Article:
Posted by Jonathan J. Miller -Monday, September 13, 2010, 8:18 AM 1 Comment
Ok, our vision for the housing market is getting a bit muddy and over the last few weeks and noted journalists and bloggers have been on a creative tear. I feel that the tipping point for this introspection was the moment the July existing home sales numbers were released followed by the next day’s new housing sales numbers and pending home sales the following week.
The great irony here is that the bad housing numbers should not have been a surprise to anyone who follows housing. The tax credit expiration on April 30th simply “moved chairs around in the room.” There is nothing wrong with the idea of homeownership – it’s the financing that got us here today. The problems to be fixed are the economic factors that drive housing demand and that is primarily employment. The idea that a tax credit would jump start the housing market and therefore jump start the economy was born in the old world (2003-2008) when housing was touted as leading the economy.
Fear and self-loathing
As a by-product of this sudden realization that the tax credit did not revive housing (nor could it be expected to), there has been an outpouring prominent discussion pieces about homeownership and what is wrong with it. Most noticably, the New York Times has been on a Page One tear.
The unexpectedly deep plunge in home sales this summer is likely to force the Obama administration to choose between future homeowners and current ones, a predicament officials had been eager to avoid.
Prices nationally have nearly returned to their long-run trend in terms of price-to-rent and price-to-income ratios. Some segments of some markets may still be overpriced, and I expect prices nationally to edge downward in the months to come, but another plunge seems both unlikely to occur and unlikely to generate a wave of buying…
Where you think the “natural” price of housing is depends on which of these trends you expect to persist, versus which you think will peter out and reverse. Right now my assessment is that things like the amortizing mortgage, increasing land supply, and huge shifts in inflation/interest rates are largely played out.
As we noted yesterday, the raison d’etre of housing subsidizers Fannie Mae and Freddie Mac has changed radically in the past three years. Specifically, the purpose of these two agencies has gone from “making housing affordable” to “keeping houses expensive.”
I think it’s reasonable to argue that house prices today are fairly consistent with incomes and rents. So that equilibrium house price, that bottom in house prices, I think we’re there. And if the prices fall further, that would be, as David said, would be overshooting and, I think, counterproductive.
Posted by Jonathan J. Miller -Thursday, September 2, 2010, 7:28 PM Comments Off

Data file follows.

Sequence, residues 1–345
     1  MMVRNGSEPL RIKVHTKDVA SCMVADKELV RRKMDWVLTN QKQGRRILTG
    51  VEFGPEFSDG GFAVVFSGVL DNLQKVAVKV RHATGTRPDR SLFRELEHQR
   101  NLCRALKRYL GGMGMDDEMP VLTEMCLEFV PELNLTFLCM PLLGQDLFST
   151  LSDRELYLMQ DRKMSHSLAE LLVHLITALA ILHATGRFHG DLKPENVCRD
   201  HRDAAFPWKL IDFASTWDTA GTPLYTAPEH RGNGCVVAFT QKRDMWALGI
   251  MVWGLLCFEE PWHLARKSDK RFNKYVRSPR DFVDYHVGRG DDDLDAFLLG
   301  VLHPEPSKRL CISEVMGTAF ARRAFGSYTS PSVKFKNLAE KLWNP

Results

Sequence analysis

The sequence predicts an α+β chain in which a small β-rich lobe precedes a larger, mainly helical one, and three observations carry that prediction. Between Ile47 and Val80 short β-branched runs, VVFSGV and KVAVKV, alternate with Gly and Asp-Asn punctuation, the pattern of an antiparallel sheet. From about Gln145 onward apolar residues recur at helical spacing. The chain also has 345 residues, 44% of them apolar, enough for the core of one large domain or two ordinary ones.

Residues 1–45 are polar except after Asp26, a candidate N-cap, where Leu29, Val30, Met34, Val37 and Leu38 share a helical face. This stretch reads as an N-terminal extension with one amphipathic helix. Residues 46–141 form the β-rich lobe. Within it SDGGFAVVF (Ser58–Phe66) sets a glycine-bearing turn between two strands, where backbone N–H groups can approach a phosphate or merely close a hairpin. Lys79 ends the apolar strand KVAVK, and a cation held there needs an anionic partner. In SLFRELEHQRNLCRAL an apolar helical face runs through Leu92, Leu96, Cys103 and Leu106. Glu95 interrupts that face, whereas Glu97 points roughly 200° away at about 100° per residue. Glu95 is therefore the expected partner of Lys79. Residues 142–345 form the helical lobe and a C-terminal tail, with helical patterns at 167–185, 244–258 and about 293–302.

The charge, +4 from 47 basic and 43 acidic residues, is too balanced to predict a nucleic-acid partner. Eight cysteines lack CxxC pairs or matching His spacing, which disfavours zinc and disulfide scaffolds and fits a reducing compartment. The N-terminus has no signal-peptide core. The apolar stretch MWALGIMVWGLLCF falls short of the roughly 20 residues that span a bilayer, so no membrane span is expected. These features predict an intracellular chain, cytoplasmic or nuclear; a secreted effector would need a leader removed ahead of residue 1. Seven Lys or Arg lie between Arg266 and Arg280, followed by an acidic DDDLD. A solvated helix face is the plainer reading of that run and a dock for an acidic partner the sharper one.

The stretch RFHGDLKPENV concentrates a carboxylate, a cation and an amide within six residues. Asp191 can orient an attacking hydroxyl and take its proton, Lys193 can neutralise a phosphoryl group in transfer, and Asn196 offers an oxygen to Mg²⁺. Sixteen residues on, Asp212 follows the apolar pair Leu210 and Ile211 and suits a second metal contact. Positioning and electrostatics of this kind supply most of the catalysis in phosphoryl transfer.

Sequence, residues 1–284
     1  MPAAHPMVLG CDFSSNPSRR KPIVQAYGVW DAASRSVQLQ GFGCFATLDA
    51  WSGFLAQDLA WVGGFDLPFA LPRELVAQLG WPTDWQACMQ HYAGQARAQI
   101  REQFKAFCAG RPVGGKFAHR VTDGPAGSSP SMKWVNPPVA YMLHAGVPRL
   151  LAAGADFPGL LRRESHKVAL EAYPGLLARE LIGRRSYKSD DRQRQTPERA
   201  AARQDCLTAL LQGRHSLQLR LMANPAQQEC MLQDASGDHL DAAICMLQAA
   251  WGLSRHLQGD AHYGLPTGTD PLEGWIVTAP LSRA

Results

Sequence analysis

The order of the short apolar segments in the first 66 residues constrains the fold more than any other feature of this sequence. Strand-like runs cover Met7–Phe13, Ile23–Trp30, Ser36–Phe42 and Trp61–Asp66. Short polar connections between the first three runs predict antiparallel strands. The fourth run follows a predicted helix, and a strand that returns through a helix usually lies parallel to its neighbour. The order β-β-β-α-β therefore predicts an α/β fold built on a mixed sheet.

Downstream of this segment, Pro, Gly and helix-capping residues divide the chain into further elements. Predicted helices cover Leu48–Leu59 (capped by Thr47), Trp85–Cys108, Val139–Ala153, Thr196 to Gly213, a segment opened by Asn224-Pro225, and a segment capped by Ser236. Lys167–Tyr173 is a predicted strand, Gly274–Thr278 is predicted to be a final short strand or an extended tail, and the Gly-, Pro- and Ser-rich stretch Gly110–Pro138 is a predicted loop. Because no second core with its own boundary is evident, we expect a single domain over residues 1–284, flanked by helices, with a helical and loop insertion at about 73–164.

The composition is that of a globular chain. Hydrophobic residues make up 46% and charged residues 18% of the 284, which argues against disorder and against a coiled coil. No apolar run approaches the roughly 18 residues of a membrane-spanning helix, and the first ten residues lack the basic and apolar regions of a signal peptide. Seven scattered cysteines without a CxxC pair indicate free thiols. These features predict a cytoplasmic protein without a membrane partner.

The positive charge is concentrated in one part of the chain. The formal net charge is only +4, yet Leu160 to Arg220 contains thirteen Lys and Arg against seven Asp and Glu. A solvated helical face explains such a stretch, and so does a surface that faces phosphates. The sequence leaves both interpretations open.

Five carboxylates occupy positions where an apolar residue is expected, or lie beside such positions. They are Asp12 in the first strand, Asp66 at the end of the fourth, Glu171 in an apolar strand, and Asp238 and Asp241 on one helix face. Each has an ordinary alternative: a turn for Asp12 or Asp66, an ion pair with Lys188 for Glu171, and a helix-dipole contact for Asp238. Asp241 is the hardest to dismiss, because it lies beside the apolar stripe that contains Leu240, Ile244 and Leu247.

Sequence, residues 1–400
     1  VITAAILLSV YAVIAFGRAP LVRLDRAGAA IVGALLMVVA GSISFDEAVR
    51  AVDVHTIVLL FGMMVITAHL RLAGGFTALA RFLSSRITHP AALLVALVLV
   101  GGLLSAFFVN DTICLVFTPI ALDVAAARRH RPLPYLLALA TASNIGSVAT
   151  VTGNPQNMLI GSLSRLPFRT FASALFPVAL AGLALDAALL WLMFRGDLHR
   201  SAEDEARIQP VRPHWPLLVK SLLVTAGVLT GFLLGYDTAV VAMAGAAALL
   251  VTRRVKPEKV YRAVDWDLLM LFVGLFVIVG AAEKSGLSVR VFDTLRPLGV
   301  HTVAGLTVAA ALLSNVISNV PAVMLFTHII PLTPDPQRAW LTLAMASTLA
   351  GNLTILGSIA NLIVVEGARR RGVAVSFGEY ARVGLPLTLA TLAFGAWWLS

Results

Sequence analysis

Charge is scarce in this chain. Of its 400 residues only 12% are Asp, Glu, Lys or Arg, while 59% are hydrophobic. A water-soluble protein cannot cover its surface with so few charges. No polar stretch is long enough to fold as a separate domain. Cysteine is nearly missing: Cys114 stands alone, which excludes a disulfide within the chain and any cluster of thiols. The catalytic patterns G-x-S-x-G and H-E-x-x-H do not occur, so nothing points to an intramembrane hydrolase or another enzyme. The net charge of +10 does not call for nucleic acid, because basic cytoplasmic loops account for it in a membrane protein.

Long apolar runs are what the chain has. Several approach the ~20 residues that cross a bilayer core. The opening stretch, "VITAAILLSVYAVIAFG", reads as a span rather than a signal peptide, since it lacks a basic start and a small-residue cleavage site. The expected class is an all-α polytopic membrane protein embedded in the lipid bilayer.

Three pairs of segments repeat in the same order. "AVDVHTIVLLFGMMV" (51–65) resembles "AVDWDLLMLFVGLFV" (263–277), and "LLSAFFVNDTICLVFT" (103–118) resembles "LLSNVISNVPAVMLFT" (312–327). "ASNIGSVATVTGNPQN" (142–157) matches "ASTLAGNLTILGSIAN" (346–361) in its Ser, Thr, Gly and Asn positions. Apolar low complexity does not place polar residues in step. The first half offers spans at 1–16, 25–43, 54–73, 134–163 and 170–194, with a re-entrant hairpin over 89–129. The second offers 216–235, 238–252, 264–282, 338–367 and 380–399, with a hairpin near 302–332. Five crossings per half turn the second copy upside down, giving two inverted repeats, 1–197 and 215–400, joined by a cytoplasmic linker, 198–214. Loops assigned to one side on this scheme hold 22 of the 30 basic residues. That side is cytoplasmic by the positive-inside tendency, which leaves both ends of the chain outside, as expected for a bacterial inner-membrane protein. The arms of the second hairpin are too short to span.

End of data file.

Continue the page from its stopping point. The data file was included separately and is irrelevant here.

[click to expand]
The Pending Home Sales Index, a forward-looking indicator, rose 5.2 percent to 79.4 based on contracts signed in July from a downwardly revised 75.5 in June, but remains 19.1 percent below July 2009 when it was 98.1. The data reflects contracts and not closings, which normally occur with a lag time of one or two months.
As you can clearly see in the chart above, the 5.2% increase has no real meaning, nor did the decline last month. You can clearly see post-tax credit that we are at a decidedly consistent level that is lower than the first part of the year.
There were a lot of silly quotes today about how well the housing market seems to be doing when last week the sky was falling.
John Canally, economist and investment strategist at LPL Financial, said recent data had taken some fire out of those predicting an economic double dip.
“The mood has shifted,” he said, “the burden of proof is back on the double dippers.”
The mood has shifted? (How can you tell when so many people are on vacation?) As you can see the chart above, nothing can be inferred positive or negative from the current level of activity. Of course last week the refrain after the existing home sales and new home sales reports were decidedly dire.
“A double-digit drop suggests to me that there wasn’t just a tax effect at work in July, but a change in sentiment, a change in the willingness to make such a big purchase,” said Christopher Low, FTN Financial chief economist. “It is especially surprising given where mortgage rates were. It is just a reminder of how much work there is still left to do before housing can be deemed healthy again.“
Note: This index is not “forward-looking” at all, unless they mean relative to existing home sales report which is several months behind. Contract activity is the most current way to look at sales, reflecting the market a few weeks prior. That in itself is fraught with problems.
Process: offer made, offer accepted, attorneys converge and hash out agreement, contracts signed.
Posted by Jonathan J. Miller -Wednesday, June 2, 2010, 2:16 PM 1 Comment
[click to expand]
NAR released its PHSI today and there were no surprises. The expiration of the federal tax credit for first time buyers and existing home owners (signed contract by April 30, close by June 30) showed its impact on sales trends.